• Increasing customer loyalty by implementing bonus systems, thus lowering the chance that they will leave you for a competitor;

  • Creating a network effect. You can create a business focused on satisfying all needs of a group: for example, a store for hockey enthusiasts where they can buy all kinds of items related to their hobby;

  • Finding a way to lower the cost price;

  • Creating a recognizable brand;

  • Picking a narrow niche or a specialization with few competitors;

  • Creating the best team on the market;

  • Offering exclusive and unique products that can’t be found anywhere else;

  • Becoming an exclusive author, manufacturer, publisher, or a distributor.

How do you test your hypotheses?

Before you put your product on the market, you should think about how certain actions will influence your project by formulating and testing hypotheses. For example, do you need to invest into a mobile app right away or will a regular webpage do for now? To answer this question, you can use the HADI method: first, you formulate a Hypothesis, second, you perform an Action, then collect the resulting Data, and analyze it to receive Insights. Sometimes, you should also consider the Resources that you’ll need to test your hypothesis.

Which market do you choose?

There are four types of markets. First – the ones already taken up by major investors (take, for example, the taxi market and giants like Uber, Lyft, and Gett). Second – settled markets with one or several natural monopolies in a specific field, such as the world’s largest palladium manufacturer Nornickel. These first two types aren’t very suitable for beginners, so it’s best to try your hand at other markets: either those that have been established a long time ago but still lack leaders, or brand-new ones that are populated by a variety of small companies and startups. Such markets allow young entrepreneurs to test their ideas and products.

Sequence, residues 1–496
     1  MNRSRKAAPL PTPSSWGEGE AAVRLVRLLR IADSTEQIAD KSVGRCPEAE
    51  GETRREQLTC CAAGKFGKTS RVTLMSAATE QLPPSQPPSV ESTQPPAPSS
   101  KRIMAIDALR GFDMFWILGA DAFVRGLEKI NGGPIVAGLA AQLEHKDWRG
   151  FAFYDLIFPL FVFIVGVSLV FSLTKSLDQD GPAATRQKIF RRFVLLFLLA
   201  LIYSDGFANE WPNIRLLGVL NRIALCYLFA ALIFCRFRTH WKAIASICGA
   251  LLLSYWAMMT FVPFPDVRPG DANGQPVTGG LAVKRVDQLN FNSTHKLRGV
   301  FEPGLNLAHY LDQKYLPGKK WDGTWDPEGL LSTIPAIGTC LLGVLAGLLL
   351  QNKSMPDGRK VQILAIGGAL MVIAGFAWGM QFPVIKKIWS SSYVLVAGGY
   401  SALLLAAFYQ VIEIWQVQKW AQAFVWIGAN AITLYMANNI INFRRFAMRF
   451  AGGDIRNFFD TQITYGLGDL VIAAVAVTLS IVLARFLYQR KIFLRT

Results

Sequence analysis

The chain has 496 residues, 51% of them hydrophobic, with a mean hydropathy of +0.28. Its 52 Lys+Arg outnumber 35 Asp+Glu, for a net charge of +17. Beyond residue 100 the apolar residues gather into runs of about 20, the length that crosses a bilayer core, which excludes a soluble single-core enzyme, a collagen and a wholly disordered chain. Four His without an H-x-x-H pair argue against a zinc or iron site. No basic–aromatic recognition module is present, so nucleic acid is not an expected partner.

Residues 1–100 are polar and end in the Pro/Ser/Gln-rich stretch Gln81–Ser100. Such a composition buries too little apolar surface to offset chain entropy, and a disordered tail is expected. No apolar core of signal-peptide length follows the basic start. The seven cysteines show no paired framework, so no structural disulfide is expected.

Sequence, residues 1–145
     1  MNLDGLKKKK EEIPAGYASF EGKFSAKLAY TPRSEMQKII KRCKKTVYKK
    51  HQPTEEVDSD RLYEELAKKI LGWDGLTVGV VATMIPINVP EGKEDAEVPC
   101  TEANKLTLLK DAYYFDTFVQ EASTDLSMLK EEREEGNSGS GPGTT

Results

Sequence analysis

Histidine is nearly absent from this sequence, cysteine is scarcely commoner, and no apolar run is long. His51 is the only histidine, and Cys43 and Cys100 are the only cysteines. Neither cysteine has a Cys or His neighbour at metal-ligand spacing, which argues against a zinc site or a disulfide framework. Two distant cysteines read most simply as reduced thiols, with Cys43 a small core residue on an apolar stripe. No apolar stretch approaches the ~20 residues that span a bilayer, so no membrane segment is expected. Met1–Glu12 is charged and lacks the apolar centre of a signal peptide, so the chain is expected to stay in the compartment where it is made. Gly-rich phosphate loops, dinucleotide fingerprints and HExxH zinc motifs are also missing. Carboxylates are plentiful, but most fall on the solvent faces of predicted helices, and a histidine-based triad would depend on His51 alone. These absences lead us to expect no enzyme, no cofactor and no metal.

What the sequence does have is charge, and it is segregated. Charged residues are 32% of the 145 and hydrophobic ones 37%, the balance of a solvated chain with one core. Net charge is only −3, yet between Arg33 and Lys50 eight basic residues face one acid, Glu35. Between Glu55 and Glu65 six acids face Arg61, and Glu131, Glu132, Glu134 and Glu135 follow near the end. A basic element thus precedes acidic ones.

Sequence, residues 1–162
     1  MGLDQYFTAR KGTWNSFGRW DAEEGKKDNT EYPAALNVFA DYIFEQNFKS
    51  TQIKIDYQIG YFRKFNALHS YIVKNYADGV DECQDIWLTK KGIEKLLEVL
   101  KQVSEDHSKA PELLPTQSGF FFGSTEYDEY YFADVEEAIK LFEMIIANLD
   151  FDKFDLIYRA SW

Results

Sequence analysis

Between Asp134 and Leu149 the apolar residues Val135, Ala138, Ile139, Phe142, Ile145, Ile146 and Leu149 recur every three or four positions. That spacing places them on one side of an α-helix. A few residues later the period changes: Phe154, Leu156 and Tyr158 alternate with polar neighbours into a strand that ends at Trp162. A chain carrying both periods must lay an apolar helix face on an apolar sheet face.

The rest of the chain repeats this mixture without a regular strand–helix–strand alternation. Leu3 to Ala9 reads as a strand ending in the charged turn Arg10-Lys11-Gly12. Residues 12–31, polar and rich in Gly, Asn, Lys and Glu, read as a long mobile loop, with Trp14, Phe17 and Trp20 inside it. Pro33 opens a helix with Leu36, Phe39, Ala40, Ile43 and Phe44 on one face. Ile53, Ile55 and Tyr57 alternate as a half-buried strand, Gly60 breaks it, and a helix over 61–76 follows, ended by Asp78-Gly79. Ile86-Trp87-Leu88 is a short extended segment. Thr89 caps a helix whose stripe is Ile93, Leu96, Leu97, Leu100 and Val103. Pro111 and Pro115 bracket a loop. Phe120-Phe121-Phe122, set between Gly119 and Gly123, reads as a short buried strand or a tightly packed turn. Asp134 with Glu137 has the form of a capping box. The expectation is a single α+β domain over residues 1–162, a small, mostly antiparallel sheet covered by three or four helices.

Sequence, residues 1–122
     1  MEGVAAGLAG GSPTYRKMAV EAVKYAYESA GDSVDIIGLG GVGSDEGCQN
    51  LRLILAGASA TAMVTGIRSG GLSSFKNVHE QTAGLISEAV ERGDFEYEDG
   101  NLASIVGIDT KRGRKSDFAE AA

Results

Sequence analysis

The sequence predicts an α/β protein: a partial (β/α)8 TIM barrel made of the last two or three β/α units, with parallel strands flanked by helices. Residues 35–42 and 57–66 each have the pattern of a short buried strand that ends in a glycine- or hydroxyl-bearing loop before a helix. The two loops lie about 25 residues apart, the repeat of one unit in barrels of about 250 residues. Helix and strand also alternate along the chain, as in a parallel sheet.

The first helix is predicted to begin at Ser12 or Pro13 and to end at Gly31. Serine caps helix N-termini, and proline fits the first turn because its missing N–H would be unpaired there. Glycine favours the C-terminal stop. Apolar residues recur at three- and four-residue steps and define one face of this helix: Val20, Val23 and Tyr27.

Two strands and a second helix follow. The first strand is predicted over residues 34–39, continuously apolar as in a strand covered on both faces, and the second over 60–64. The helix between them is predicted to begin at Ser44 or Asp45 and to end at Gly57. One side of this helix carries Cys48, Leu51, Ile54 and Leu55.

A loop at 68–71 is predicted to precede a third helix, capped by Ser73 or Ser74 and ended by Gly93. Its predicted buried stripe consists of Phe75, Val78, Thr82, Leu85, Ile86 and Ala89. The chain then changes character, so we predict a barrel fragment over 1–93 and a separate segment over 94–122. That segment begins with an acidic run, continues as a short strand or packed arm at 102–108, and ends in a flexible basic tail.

Which business model do you employ?

There are up to 50 commonly used business models to choose from, but four of them are most popular and profitable:

  • Resell – buy a product and sell it to someone else;

  • Produce – make the product yourself and sell it;

  • Advertise – profit by placing ads;

  • Join a marketplace – an online platform for sellers and consumers.

What about startup economics and investments?

Once you’ve picked a business model, you should perform a unit analysis and calculate your income and expenses per customer. This can help you answer several questions: how many clients per month you need to stay afloat and cover your constant expenses – rent, bills, salary, etc; how many products you should sell to produce a net profit; and if your chosen channel can provide you with the required amount of sales.

Credit: photogenica.ru

Credit: photogenica.ru

After unit analysis, you should start looking for clients and making profit. If you don’t have enough investments, participate in acceleration and grant programs. To scale up your project, discuss it with investors. By that point, you should already have an MVP, a team, and first sales.

What do you do best?

Whatever you do, it’s important to be the leader among your competitors instead of following in their footsteps. The sooner you place your product on the market, the sooner you’ll receive feedback and will be able to make improvements and test it again. If you succeed, you’ll be copied by others, which is a good sign. That’s when you should develop even more to leave your competitors behind.

Entrepreneurial Competence Training is a part of the project Platform of University Technology Entrepreneurship. As part of it, educational events take place in six Russian cities, where students can learn more about creating a technological startup, evaluate the market, build a business model, attract an investor, form a team, and many more. Among the speakers are entrepreneurs, soft skills lecturers, psychologists, accounting, taxing, and management experts in small business, as well as business consultants and other specialists. The training is conducted by Russian Venture Company, ITMO, and the startup studio Open Innovations (Otkrytye innovacii).